The origins of Cavtat stretch right back to ancient Greek times before it came under Roman rule in 228 BC. The area was then destroyed in the 7th century AD when its inhabitants fled to a nearby island and eventually founded the city of Dubrovnik. By the 15th century, a new settlement began growing here, and today Cavtat is a small seaside town tucked on a peninsula between two bays, with lush vegetation and plenty sandy beaches at Zal, just east of the town.
Long the preserve of wealthy citizens of Dubrovnik who built their vacation retreats here, Cavtat only hit the international tourist scene after the 1990s war. Vast super-yachts now jostle with local fishing boats in its harbor, and souvenir stores and sleek restaurants have sprung up all along its cute seafront promenade. Art galleries now line the flower-filled alleyways of the medieval town as well.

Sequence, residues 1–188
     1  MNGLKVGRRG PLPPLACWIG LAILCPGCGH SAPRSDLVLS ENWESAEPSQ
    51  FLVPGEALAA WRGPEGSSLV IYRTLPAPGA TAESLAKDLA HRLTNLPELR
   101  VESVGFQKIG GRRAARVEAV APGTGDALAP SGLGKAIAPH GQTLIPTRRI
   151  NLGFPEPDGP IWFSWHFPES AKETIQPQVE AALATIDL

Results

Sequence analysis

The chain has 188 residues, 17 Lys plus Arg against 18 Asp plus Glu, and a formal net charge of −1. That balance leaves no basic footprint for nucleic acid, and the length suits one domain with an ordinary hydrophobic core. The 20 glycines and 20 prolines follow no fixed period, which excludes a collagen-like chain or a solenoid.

Testaments to Cavtat’s long history are the scattered ruins of an amphitheater and several Roman tombs, plus some fine 16th-century buildings, including the Rector’s Palace. This is now a museum dedicated to local hero and 19th-century scholar Baltazar Bogisic, whose statue dominates the marina. Next door stands the Baroque St Nicholas’s Church, with an adjacent museum-come-gallery full of interesting artwork. In the foothills behind the town is the gleaming white Račić Mausoleum, an extravagant 1920s folly covered in gargoyles; it is the work of master Croatian sculptor Ivan Meštrović, who died in 1962.
Cavtat is accessible from both Dubrovnik and the neighboring resort of Mlini in 30 minutes by Adriana ferry. It is just 15 minutes by taxi or bus from Dubrovnik airport.